The first monkeypox deaths outside of the African continent have been reported in Brazil and Spain, with the latter seeing a second death in a matter of hours.

Brazil was the first to report a monkeypox death on July 29. A 41-year-old man who was suffering from lymphoma and a weakened immune system was the victim. Brazil’s health ministry insisted that the “comorbidities aggravated his condition,” according to the BBC. The individual, hospitalized in the city of Belo Horizonte, died from septic shock after he was taken to the ICU.

Brazil has so far reported 1,066 confirmed cases of monkeypox, with 513 additional suspected cases. The state of Sao Paulo accounts for the vast majority of cases. Over 98 percent of confirmed incidents have been found among men who have sex with men, according to ministry data.

Shortly after Brazil announced its first monkeypox death, Spain also announced the same, becoming the first country in Europe to register a death from the illness. The victim had suffered from encephalitis, an inflammation of the brain which is associated with the infection. The death occurred in the Valencia region in the northeast. On Saturday, Spain reported its second monkeypox-related death.

In Spain, 4,298 monkeypox infections have been confirmed by the country’s health ministry. Of the 3,750 patients on which the ministry had information, 120 patients (3.2 percent of the total) have been hospitalized.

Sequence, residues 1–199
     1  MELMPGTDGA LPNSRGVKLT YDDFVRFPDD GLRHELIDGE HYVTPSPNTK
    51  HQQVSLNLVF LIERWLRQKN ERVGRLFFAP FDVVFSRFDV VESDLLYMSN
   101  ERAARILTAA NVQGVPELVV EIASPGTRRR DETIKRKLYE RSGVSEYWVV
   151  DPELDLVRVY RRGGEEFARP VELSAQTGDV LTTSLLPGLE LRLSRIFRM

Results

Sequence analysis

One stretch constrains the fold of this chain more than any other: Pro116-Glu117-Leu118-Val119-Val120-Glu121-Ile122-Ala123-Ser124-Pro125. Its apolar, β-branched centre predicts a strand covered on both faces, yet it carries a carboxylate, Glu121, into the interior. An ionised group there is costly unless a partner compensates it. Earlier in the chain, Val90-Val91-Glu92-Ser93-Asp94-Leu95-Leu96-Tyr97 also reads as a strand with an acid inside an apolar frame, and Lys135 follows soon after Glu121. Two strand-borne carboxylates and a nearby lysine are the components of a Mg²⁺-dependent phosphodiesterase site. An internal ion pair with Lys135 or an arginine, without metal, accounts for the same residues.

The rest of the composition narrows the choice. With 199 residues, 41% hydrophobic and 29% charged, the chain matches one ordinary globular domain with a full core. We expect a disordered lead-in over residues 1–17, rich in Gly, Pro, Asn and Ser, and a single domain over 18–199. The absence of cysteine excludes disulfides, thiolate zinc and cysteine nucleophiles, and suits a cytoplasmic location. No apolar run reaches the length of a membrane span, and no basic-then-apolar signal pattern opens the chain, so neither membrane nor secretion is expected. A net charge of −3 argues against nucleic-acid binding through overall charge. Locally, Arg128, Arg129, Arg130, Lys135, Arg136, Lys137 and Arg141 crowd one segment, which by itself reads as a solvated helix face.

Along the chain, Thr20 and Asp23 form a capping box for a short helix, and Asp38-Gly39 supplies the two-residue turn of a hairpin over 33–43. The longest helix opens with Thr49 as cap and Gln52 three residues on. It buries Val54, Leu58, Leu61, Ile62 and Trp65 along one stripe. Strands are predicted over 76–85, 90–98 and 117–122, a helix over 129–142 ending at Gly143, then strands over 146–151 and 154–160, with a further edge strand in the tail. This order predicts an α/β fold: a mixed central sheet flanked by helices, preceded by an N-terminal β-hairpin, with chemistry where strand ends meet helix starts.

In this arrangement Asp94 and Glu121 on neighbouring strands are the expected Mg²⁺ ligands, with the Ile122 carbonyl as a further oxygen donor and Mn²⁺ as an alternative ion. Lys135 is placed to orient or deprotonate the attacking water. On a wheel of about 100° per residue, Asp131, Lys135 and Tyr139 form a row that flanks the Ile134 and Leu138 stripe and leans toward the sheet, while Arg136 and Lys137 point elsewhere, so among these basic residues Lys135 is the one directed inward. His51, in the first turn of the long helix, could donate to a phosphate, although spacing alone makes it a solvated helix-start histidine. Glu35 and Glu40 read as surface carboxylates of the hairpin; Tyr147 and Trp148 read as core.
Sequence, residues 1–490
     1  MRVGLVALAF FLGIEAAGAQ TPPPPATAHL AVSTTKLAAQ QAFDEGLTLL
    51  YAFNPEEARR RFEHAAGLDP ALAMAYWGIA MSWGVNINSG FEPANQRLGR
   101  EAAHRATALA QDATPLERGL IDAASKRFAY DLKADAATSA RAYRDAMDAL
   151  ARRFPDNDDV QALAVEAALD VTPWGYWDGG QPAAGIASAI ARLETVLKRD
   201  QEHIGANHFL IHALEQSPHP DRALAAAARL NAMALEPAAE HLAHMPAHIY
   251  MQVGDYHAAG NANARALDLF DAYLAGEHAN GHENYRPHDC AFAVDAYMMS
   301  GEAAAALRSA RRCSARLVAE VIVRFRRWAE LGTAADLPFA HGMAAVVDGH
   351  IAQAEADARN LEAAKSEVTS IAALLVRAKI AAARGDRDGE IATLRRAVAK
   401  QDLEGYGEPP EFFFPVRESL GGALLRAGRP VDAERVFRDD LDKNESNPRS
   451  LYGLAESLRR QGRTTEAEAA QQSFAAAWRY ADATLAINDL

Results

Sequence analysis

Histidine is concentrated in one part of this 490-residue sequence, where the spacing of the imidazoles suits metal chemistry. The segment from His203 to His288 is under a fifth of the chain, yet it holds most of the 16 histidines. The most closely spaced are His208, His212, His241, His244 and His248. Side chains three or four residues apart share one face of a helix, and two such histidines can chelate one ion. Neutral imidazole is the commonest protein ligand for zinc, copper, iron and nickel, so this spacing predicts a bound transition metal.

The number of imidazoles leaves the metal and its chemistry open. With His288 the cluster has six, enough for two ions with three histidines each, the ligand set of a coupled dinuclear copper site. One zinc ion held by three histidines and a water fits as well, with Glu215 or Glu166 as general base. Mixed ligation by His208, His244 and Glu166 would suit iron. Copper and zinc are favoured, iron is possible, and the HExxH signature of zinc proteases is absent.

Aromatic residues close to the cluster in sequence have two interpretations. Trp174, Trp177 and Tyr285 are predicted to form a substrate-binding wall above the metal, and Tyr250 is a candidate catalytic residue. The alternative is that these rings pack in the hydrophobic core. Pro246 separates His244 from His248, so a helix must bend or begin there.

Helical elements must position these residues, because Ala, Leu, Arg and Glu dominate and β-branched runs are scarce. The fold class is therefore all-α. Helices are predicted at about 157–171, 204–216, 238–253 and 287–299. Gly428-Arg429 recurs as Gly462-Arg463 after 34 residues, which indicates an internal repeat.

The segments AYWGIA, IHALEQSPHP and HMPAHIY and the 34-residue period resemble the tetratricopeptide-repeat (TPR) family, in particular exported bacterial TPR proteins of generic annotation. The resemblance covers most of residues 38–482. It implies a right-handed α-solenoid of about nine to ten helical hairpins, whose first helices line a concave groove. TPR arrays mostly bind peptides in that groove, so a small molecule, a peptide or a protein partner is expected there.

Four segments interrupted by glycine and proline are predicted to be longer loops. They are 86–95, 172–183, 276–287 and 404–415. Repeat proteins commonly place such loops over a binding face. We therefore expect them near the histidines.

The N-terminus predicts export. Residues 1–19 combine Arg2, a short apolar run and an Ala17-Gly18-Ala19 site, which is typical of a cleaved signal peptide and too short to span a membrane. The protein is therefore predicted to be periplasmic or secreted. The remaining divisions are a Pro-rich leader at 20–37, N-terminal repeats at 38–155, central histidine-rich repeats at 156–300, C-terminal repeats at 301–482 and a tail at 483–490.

In the United States, 5,189 cases have been confirmed as of July 29 according to data from the Centers for Disease Control and Prevention (CDC).

New York registered the highest number of cases with 1,345 infections, followed by California with 799, Illinois with 419, Florida with 373, and the states of Georgia and Texas with 351 each.

Declaring Health Emergency

Deaths in Brazil and Spain came as the World Health Organization (WHO) Director-General declared the monkeypox outbreak a “Public Health Emergency of International Concern (PHEIC)” on July 23. The vast majority of cases are in the “WHO European Region,” a news release said.

Epidemiologists are divided on whether the WHO emergency declaration was the right choice or not. According to Dr. Jimmy Whitworth, a professor of international public health at the London School of Hygiene & Tropical Medicine, the issue is a “tricky decision” for the WHO emergency committee.

“In some senses, it meets the definition—it is an unprecedented outbreak widespread in many countries and would benefit from increased international coordination,” he said, according to a commentary on The Epoch Times.

“On the other hand, it seems to be an infection for which we have the necessary tools for control; most cases are mild and the mortality rate is extremely low.”

In a recent interview with CNN, White House medical advisor Anthony Fauci said that an emergency declaration on the monkeypox virus was under “active consideration” by the federal government.

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